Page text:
My first thought was, one of these things is not like the others… everyone else had quite a track record by that point, but Foss was still relatively new on the scene (this was two years ago), and his food at Lockwood, though generally liked, had not catapulted him into the stratosphere of food gods per se. I had eaten at Lockwood (and then had a tangle with him online about a sloppy review written after a state of exhaustion/inebriation, quickly patched up), and it was a nice solid meal but still, you know, colored within hotel lines a bit. I wasn’t convinced he was a great chef (by any somewhat stringent definition of the term) but a good chef who was news because… he was good at making news. Asian carp. Fights with the Hilton over union slackers. Lascivious blog posts. I forget it all now, but he was brilliant at doing something fun— daring, a little naughty, delivered with a wink— that made him easy to like and fun to talk about, and made the whole scene a little more enjoyable.

So I did Grub Street for a week, wrote a small item one day about a guest stint he was doing on the Gaztro-Wagon, pre-wrote the last of my posts for Friday afternoon and scheduled them in the system, packed the car for this trip, and started driving to the east coast.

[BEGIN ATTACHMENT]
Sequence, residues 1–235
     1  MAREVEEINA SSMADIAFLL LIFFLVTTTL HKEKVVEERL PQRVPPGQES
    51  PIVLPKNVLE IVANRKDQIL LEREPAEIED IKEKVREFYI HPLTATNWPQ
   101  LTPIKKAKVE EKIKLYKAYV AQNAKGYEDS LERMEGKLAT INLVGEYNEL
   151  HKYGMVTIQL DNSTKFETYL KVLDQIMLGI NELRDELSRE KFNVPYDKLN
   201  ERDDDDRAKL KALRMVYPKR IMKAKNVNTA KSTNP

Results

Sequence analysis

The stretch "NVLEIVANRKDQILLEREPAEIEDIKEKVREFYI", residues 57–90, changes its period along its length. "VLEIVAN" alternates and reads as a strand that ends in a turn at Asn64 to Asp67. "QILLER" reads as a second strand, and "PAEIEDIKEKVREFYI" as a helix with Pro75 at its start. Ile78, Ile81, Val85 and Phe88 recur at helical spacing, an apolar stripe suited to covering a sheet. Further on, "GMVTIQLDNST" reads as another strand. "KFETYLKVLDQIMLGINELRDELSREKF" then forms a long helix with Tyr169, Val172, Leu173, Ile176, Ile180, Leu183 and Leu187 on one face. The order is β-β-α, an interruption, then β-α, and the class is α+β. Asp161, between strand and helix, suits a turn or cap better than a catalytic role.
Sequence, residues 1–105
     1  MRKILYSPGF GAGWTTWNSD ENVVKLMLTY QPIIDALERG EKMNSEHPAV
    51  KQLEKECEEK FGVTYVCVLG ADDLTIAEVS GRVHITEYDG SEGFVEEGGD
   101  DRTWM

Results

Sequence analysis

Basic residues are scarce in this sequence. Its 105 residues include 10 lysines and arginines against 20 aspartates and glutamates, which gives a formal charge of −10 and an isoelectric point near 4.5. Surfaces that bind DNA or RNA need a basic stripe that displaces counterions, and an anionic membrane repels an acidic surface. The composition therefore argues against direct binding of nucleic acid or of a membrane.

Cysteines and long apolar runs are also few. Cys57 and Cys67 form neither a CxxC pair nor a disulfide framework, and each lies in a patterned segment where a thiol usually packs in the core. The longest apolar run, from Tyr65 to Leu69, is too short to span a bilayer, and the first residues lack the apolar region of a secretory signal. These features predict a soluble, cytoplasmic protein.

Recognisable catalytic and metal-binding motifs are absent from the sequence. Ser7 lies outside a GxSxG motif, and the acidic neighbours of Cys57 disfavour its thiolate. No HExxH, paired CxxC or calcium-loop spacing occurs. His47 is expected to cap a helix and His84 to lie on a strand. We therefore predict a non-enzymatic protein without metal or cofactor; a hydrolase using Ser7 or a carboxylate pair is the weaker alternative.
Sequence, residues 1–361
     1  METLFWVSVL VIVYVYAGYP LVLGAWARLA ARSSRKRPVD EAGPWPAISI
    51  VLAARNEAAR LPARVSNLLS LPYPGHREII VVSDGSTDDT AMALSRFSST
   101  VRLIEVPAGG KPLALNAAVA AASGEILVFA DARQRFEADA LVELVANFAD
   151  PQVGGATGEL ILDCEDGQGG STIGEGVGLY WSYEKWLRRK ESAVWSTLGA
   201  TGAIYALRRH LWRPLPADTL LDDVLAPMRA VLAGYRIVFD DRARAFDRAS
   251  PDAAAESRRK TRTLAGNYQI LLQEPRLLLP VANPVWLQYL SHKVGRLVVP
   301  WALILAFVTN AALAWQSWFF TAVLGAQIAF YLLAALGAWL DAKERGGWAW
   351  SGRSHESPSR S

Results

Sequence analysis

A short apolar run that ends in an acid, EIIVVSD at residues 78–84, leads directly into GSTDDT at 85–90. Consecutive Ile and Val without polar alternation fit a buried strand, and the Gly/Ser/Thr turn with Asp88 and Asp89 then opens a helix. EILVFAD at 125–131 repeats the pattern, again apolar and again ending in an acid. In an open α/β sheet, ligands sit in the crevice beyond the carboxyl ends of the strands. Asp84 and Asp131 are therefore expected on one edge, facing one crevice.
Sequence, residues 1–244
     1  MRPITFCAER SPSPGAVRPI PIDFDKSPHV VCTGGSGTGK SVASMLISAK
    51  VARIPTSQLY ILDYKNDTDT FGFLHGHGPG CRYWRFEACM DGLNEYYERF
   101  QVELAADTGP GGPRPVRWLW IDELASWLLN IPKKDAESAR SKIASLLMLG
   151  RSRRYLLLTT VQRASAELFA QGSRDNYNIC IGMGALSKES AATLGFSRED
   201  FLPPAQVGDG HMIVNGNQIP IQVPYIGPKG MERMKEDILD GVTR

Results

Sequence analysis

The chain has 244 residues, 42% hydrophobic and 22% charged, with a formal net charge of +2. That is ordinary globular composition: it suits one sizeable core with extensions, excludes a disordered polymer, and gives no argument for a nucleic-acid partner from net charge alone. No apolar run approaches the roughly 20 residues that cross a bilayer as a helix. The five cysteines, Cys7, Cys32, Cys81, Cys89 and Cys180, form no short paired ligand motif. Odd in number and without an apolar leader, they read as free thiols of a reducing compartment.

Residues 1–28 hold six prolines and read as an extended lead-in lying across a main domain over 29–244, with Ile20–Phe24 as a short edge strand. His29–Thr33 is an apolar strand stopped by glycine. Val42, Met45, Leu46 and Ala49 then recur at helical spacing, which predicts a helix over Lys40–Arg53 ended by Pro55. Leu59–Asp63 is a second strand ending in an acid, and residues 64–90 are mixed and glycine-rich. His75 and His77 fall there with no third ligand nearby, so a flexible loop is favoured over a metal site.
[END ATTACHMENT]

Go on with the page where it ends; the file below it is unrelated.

And right as we were getting on the highway, Phillip Foss was being fired by the Hilton for making a pot joke on Twitter. He had made the biggest news of my week at Grub Street, and I missed it.

If you’re reading this you surely know what has followed— first, veering downscale as the food truck pioneer of Meatyballs Mobile, then veering back very high end with EL Ideas, which was like a storefront theater version of Alinea, performed in the small sort of office space at the front of his Meatyballs prep kitchen down on an industrial nowhere stretch of the south side. I wished him well, I was as happy to feed him a little publicity as he was to get some by being the guinea pig for the test video for Key Ingredient (we shot his first, then worked it into the sequence when his friend John Des Rosiers said he’d have picked him anyway). But I wasn’t entirely sure I wanted to spend my own big bucks, Blackbird or Schwa-level if not Alinea-level bucks, for Phillip Foss’s Hey Kids, Let’s Put On A Tasting Menu— versus other places I might spend it on. Talking with others, I gathered that this was not an uncommon opinion (and later, talking with him, I gathered that this is a problem he’s had with some local critics, too— not being sure his restaurant is real enough and serious enough to be worth the investment, of time or money). Anyway, he finally wanted to treat me (disclosure) when things got a little slower in February (and Andrew Brochu, who’d been cooking with him for some months, was leaving for Graham Elliot), so I went with a group of friends on a recent Friday night.